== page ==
J. L. BELL is a Massachusetts writer who specializes in (among other things) the start of the American Revolution in and around Boston. He is particularly interested in the experiences of children in 1765-75. He has published scholarly papers and popular articles for both children and adults. He was consultant for an episode of History Detectives, and contributed to a display at Minute Man National Historic Park.

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Wednesday, May 28, 2014

The Mysteries of Dido Belle’s Portrait

Yesterday’s Guardian contained an article by Stuart Jeffries about the painting of Dido Elizabeth Belle and Lady Elizabeth Murray that inspired the new movie Belle.

This painting was once attributed to Johann Zoffany but is now considered to be by an unknown artist, making its interpretation harder. In particular, the article quotes differing theories on why Dido is posed the way she is:
Why does Dido look as if she’s rushing past her cousin on an errand? For [novelist Caitlin] Davies, one possibility is that this started as a single portrait. “It looks like the portrait of Elizabeth came first and then someone wanted the two young women together, so Dido was added. The touch between them can seem awkward – is Elizabeth pushing her away? But perhaps the painter just kept Elizabeth as she was, with one arm held out.” . . .

Mario Valdes, a US historian of the African diaspora, suggests that her turban may be part of an attempt to Indianise Dido. Between 1770 and 1771, he points out, her father served as His Britannic Majesty’s Minister Plenipotentiary in India. What does that have to do with Dido’s gesture? “One interpretation is that she is pointing to the difference in complexion between herself and her cousin,” says Valdes. “But I would argue that a far more sophisticated approach is at play.”

There is a sculpture that shows Krishna in a similar pose, Valdes explains, and a story that he was once slapped by a female deity for taking on the appearance of her sister and her husband. When this sister tried to console him, he smiled, pointed to his bruised cheek, and exclaimed: “She has shown that all three of us are one and the same.” Valdes says: “What Dido’s pose apparently proclaims, therefore, is that she and her cousin share the same humanity and innate worthiness.”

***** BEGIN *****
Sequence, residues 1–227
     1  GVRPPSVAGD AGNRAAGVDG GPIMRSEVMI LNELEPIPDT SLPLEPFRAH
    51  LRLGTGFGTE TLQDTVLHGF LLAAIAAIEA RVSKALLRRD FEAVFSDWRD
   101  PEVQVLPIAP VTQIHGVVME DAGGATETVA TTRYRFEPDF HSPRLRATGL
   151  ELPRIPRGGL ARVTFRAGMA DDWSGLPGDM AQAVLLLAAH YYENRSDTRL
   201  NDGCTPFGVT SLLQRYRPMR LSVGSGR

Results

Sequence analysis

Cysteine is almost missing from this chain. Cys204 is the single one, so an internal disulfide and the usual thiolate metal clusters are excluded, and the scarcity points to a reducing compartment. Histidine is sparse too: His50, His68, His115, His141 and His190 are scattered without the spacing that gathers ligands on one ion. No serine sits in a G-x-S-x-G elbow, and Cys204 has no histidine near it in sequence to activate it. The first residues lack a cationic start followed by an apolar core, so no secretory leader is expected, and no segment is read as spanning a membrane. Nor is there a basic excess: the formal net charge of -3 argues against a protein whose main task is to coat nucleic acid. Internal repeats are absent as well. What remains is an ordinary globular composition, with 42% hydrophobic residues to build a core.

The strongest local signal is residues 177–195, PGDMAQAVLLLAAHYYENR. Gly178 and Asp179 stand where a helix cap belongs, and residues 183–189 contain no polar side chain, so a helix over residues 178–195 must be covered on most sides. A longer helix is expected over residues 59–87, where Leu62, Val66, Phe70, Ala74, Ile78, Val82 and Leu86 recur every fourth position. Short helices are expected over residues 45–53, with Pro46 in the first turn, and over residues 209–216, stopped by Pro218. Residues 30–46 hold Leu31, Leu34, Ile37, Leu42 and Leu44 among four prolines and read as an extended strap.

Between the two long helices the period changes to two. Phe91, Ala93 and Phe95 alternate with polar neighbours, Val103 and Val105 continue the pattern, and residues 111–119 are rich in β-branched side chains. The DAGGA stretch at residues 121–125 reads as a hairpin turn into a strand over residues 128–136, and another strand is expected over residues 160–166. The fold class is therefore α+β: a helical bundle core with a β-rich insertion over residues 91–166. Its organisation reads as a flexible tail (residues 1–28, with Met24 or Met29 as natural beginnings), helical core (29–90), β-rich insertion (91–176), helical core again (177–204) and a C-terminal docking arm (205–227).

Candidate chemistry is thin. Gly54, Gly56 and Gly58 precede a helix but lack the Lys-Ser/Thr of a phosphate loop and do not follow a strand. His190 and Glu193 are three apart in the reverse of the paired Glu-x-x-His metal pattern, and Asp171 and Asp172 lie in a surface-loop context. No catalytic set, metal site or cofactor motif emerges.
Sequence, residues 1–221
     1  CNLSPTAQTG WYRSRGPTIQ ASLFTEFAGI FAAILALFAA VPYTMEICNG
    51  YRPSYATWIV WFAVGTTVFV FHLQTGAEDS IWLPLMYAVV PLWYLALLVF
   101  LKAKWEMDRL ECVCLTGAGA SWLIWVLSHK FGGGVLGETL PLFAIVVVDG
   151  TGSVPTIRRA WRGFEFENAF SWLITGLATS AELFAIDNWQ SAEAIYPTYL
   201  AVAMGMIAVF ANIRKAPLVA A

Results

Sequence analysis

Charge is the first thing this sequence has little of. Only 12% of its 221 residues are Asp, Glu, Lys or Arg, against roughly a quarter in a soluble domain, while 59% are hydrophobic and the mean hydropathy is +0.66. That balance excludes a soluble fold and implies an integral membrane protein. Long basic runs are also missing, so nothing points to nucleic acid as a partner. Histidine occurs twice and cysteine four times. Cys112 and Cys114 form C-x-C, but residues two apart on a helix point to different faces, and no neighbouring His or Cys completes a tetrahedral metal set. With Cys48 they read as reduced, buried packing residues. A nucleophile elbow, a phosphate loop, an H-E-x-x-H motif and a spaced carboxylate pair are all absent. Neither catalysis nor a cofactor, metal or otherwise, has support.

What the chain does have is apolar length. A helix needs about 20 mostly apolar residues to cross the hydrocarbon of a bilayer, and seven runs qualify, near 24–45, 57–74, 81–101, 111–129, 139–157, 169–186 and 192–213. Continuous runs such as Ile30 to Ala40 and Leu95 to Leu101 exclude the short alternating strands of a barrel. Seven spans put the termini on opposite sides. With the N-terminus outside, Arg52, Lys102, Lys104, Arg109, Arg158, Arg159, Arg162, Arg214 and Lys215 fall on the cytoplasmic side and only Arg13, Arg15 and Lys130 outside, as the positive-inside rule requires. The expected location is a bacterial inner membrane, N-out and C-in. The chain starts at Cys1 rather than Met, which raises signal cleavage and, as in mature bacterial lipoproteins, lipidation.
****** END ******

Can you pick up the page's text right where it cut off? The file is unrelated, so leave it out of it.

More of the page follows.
As the article notes, there’s no evidence to suggest the artist or other people connected to the painting knew about that Hindu myth. Dido Elizabeth Belle was not apparently close to her father, with his Indian connection. Furthermore, it was already common for British artists to depict black servants in turbans.

The article mentions how some souvenirs of the painting crop it to show Dido alone. Once her upper body is tilted upright, she appears rather like many other women in period portraits, posed as if seated behind a symbolic platter of fruit. Other paintings show women touching their faces in the same manner.

The dual portrait thus seems to be two rather standard formal portraits of young women, combined in a way to show the social (and ethnic) divide between them yet also depicting their friendship. The artist undoubtedly knew the trope of placing a black servant in the background of a portrait as a generic symbol of wealth, but (was) pushed into unexplored territory of depicting a black individual treated fondly as a member of the family. Hence Lady Elizabeth reaching back to touch Dido’s arm. The result is awkward, but the unknown artist was doing something without precedent.

(The Guardian article misstates the name of Thomas Hutchinson, the former Massachusetts governor quoted here about Dido Belle.)

4 comments:

Mr Punch said...

I wonder if the odd composition could have something to do with (what appears to be) the difference in the two subjects' height. Belle, if portrayed standing straight, would tower over Dido.

J. L. Bell said...

Yes, that could be a factor. I've seen a number of portraits of siblings from the 18th century with the family's eldest boy standing and his older, taller sister(s) seated and crouched to one side so as not to overshadow him.

jerry said...

For an interesting Boston connection, I think the piece was painted by Copley. See my article "Zoffany or not Zoffany...That is NOT the Question" at my websitehttp://idiscoveredamerica.com/?p=123

J. L. Bell said...

Thanks for that link!